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Doh !. Reliability in cloud and mobile apps. http://www.flickr.com/photos/johanl/4934459020. Traditional client-server vs cloud. Traditional client-server Usually highly-reliable server available on demand Cloud Garbage hardware that could fail at any time

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slide1

Doh!

Reliabilityin cloud and mobile apps

http://www.flickr.com/photos/johanl/4934459020

traditional client server vs cloud
Traditional client-server vs cloud
  • Traditional client-server
    • Usually highly-reliable server available on demand
  • Cloud
    • Garbage hardware that could fail at any time
    • Challenge: ensure reliability of apps nonetheless
btw cloud servers aren t necessarily very well configured either
BTW, cloud servers aren’t necessarily very well-configured, either
  • Example GAE servers
    • 128MB-1GB RAM; 600MHz-4.8GHz CPU

https://developers.google.com/appengine/docs/java/config/backends

  • Amazon EC2 “medium” servers
    • 3.75 GB RAM; 2.0-2.4 GHz 2007 Opteron CPU

http://aws.amazon.com/ec2/instance-types/

  • My cheap, busted up, 4-year old laptop
    • 3 GB RAM; 2x2.4 GHz Intel (Core Duo) CPU cores

May 14, 2012

yet from the current gae service level agreement sla
Yet, from the current GAEService Level Agreement (SLA)

They really mean to be highly reliable!!!!So how do they do it? How can you make the most of it?

https://developers.google.com/appengine/sla

slas often quote reliability as nines
SLAs often quote reliability as “nines”
  • Two nines: 99%, 3.65 days downtime every year
    • Easy to do with cheap hardware + backup
  • Three nines: 99.9%, 8 hours every year
    • Can be done with reasonably good hardware
  • Four nines: 99.99%, < 1 hour every year
    • Not all systems can do this
  • Fine nines: 99.999%, 7 minutes every year
    • Very hard to achieve, and very expensive
    • Each “nine” approximately doubles the cost 
key reliability principles
Key reliability principles
  • Replication
  • Provide a means for monitoring
  • Consider using a hybrid cloud
replication of computation
Replication of computation
  • GAE automatically will copy your code
    • Starting up multiple servers to handle requests
      • If your server generally responds quickly to requests
      • And there is extra hardware available at the moment
    • Automatically balancing load

Replication Monitoring  Hybridize

data also needs replication
Data also needs replication
  • You can control the level of replication
  • Old-fashioned (traditional client-server)
    • Set up a “master” database server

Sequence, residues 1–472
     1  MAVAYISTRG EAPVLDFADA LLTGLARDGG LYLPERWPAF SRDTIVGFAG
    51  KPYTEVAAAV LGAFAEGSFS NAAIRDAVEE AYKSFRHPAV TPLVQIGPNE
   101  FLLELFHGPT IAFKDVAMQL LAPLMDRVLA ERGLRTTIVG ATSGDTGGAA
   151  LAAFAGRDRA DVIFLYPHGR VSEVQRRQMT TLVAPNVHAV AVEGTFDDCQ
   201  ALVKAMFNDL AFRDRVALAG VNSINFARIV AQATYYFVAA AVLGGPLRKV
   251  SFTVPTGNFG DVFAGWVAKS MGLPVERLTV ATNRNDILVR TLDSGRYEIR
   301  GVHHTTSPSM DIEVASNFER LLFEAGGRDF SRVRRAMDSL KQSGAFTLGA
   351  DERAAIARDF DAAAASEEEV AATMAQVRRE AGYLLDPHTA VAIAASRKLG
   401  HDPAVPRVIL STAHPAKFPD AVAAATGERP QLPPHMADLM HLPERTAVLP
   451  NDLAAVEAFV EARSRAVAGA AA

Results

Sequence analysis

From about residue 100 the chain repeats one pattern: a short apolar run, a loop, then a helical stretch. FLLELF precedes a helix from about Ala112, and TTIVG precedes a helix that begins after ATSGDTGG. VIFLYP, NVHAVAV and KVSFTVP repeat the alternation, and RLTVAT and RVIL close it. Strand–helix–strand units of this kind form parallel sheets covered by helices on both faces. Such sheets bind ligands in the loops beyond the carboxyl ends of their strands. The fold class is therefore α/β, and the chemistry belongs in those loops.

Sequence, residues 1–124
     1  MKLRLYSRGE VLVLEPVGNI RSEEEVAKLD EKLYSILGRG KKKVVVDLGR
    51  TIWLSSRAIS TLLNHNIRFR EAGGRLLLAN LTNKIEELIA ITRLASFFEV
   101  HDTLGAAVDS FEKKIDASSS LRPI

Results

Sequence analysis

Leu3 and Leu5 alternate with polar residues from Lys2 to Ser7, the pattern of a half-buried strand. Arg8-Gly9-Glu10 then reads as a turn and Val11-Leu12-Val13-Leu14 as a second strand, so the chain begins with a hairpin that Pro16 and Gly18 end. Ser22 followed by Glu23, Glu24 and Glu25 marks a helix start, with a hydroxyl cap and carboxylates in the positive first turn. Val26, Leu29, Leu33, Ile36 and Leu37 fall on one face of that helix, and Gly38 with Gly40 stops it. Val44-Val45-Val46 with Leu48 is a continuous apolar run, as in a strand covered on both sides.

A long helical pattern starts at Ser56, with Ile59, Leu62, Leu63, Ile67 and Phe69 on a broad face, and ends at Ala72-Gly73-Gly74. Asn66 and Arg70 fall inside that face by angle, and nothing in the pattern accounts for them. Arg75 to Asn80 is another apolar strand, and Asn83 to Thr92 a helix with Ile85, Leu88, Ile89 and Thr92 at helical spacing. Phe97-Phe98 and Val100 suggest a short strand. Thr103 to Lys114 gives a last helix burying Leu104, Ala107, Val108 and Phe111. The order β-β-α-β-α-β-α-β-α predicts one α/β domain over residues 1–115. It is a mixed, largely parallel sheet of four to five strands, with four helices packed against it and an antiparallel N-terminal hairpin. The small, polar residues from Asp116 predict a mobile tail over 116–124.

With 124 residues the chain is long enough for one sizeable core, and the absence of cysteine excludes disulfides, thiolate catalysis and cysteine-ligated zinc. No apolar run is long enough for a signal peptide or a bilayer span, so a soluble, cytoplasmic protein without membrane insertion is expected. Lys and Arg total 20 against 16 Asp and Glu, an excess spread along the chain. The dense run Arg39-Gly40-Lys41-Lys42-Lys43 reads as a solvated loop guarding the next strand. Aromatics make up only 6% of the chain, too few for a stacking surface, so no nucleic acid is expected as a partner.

• Configure the master to copy its data to “slaves” (e.g., every night)
  • Cloud-based approach
    • Let the infrastructure replicate data automatically
    • GAE: You have two options… master/slave, and high-replication datastore

Replication Monitoring  Hybridize

high replication datastore hrd vs master slave datastore msd
High-replication datastore (HRD) vs master/slave datastore (MSD)
  • HRD makes backup copies across datacenters

(and > 2 copies—MSD has only 2 copies)

  • HRD includes a more sophisticated algorithm for resolving errors on (some) servers
    • MSD: writes all go to the master (if available); master copied to slaves; reads all go to the master (if available) [Deprecated!]
    • HRD: more sophisticated algorithm where the different servers (no master) form a consensus

Replication Monitoring  Hybridize

pros of using hrd
Pros of using HRD
  • Pro: Reliability is vastly improved
    • Largely due to replication of data across datacenters
  • Pro: support for cross-group transactions in Python
    • Apparently? Test before relying on it!
    • Maybe available in Java?
    • Config change needed?

https://developers.google.com/appengine/docs/python/datastore/overview#Cross_Group_Transactions

Replication Monitoring  Hybridize

cons latency and eventual consistency
Cons: Latency and eventual consistency
  • Con: Latency can be pretty big (> 1 second)
    • Writes (and reads) go to multiple servers, multiple datacenters
  • Con: Data just written might not appear in a read
    • GAE might write to server X but then read from Y
    • Data on X might not be copied to Y right away
coping with problem 1 latency
Coping with problem #1, latency
  • Cache a copy of data on client
    • Eliminates the need to hit the server
    • Bonus: improves reliability when server is offline
  • Write a copy to memcache
    • So you can read back faster
    • Only do this for data you read a lot, of course

Replication Monitoring  Hybridize

coping with problem 2 writes not appearing on read
Coping with problem #2, writes not appearing on read